what game are we playing?

(This is the second in a two-part blog exchange between Shawn Parr and me.  Shawn is one of my favorite people and partners in crime, er, I mean client engagements.   A recent client experience led us to debate where strategy and execution connect and so I kicked things off with “Execution IS Strategy” on Shawn’s blog last week.  Now, here are Shawn’s thoughts on the topic.) 


Having observed many organizations, both global multi-national and start-ups, struggle with the definition and application of strategy and the meaning and right mode of execution, I thought I’d do something I vowed to never do, compare business to sport. While there’s nothing original in this comparison, and as a Brit I’m certainly not qualified to use American sports as the backdrop, I thought I’d have a go anyhow.

Let’s start by assuming that strategy is defined as the game plan that informs the team and gives then direction on how to play and achieve a clearly stated goal. And let’s assume that execution is the specific moves the team should play during the game. Using this example as the foundation, let’s look at some key rules that will help you execute and play a successful game.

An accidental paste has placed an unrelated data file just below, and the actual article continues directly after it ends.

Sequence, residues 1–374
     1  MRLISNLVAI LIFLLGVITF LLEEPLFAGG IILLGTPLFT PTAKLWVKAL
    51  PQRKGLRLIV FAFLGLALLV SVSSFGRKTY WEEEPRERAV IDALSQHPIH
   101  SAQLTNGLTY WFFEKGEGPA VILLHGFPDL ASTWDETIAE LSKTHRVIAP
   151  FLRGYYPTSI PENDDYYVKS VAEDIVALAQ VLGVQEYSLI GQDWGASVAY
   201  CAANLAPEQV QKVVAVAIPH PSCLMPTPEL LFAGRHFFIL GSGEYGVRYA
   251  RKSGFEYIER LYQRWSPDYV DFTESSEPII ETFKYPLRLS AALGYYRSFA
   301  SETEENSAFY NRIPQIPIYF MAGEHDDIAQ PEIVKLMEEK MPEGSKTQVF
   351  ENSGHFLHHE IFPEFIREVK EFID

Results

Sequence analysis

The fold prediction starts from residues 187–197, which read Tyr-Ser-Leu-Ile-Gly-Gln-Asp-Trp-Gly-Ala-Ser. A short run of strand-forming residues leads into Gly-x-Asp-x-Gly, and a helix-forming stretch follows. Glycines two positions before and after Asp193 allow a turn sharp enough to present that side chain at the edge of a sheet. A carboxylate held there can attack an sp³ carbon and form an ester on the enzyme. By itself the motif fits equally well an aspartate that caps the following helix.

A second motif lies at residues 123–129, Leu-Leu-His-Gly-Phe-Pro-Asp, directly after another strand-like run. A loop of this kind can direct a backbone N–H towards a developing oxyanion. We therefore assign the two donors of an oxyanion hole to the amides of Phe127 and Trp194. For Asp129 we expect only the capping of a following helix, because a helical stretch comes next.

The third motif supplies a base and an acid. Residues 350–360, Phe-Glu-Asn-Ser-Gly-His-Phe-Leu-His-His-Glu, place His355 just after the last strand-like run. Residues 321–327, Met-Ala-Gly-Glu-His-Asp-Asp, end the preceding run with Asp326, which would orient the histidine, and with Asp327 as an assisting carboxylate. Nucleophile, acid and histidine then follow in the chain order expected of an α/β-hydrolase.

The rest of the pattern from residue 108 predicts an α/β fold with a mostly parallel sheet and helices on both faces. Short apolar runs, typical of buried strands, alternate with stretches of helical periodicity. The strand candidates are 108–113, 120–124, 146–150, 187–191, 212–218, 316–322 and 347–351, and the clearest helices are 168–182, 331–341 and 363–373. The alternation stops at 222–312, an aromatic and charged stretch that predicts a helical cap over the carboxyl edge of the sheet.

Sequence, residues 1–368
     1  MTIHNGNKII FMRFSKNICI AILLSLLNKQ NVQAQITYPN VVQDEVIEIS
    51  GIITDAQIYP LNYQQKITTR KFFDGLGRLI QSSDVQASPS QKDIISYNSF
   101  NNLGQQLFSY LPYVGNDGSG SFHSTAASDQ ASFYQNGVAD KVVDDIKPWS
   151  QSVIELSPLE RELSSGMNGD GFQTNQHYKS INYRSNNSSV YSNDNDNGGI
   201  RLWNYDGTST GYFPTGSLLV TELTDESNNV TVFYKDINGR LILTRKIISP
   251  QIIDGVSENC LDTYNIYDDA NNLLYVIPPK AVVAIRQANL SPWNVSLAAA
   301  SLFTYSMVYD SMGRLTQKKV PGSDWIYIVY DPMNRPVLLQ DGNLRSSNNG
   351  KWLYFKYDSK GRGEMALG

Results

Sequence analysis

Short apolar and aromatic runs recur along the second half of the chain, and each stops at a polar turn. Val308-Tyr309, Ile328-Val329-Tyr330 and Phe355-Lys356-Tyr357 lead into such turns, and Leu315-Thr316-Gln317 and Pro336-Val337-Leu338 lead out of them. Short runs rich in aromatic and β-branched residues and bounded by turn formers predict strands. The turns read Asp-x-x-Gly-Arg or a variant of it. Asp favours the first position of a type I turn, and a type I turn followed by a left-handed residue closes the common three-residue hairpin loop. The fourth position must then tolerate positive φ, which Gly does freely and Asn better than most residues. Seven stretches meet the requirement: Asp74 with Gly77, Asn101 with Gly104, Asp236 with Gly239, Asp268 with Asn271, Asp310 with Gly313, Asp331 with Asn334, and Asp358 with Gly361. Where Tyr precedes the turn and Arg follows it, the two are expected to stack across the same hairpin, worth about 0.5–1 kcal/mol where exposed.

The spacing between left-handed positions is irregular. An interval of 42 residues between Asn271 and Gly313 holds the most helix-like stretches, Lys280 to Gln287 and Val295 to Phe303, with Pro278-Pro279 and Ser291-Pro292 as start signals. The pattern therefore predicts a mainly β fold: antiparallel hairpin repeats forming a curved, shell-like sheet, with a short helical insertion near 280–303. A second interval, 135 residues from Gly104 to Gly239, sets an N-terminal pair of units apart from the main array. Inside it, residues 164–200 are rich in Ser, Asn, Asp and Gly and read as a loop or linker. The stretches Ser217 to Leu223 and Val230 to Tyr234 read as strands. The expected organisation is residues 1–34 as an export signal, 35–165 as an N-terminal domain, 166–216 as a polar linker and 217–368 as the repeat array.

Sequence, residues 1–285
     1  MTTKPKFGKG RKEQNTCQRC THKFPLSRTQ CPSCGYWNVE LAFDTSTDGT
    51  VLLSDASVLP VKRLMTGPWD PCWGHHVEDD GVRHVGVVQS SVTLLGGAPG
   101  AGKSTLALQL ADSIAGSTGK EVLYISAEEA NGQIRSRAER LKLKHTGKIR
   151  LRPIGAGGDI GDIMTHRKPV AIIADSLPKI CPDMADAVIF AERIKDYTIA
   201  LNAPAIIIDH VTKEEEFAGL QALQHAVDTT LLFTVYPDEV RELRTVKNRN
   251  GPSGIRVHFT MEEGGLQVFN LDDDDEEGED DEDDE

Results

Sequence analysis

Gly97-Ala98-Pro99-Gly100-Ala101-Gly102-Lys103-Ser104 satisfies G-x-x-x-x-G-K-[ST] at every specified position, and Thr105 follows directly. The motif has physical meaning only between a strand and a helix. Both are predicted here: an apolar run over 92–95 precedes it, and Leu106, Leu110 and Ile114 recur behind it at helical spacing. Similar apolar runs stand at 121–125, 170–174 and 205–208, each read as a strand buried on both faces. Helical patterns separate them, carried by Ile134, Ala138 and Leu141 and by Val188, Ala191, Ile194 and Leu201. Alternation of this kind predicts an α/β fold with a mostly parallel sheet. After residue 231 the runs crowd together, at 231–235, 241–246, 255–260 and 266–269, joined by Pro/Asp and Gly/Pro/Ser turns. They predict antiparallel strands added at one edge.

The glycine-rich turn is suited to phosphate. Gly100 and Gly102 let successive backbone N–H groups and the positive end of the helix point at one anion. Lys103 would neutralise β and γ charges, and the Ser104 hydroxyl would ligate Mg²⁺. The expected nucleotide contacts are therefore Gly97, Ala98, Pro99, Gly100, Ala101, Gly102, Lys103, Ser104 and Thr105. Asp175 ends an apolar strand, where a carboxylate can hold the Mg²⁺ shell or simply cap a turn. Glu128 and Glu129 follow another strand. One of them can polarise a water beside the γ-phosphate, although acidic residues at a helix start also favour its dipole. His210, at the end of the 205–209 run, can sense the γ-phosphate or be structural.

What game are you playing?

Is your company operating with a clearly defined game plan or business strategy? Have either been shared with you and your team? Imagine playing a championship game without a game plan. It’s imperative, no matter the size or stage of your company, to ensure you have a clearly articulated purpose. The game plan is what informs and guides your strategy. The strategy must be clear and frequently communicated so that everyone playing on the team knows what’s expected of them and is connected to the bigger picture.

The lack of a clearly articulated, and then executed strategy has many direct and unintended consequences, not the least of which is a directionless team who creates their own game plan or start playing their own destructive games.

Make sure you know your position on the team 

Knowing what position you play on the team, whether you’re a goal keeper or a center-forward, and what part of the field you need to cover on is vital. You can’t work or contribute effectively without understanding your role or job description and have clearly defined expectations that you and your boss can measure your performance against. It’s the responsibility of a coach or manager to ensure that each team member knows his or her position on the team.